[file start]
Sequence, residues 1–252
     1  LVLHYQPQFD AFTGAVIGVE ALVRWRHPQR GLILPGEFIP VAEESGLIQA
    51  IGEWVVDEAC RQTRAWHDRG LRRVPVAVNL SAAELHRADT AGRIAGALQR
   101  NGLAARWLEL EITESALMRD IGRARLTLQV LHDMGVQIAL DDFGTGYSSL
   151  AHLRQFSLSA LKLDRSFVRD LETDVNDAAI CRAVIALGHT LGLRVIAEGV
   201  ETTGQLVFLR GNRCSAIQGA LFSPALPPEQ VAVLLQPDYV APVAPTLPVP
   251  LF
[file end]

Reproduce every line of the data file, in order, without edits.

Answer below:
Sequence, residues 1–252
     1  LVLHYQPQFD AFTGAVIGVE ALVRWRHPQR GLILPGEFIP VAEESGLIQA
    51  IGEWVVDEAC RQTRAWHDRG LRRVPVAVNL SAAELHRADT AGRIAGALQR
   101  NGLAARWLEL EITESALMRD IGRARLTLQV LHDMGVQIAL DDFGTGYSSL
   151  AHLRQFSLSA LKLDRSFVRD LETDVNDAAI CRAVIALGHT LGLRVIAEGV
   201  ETTGQLVFLR GNRCSAIQGA LFSPALPPEQ VAVLLQPDYV APVAPTLPVP
   251  LF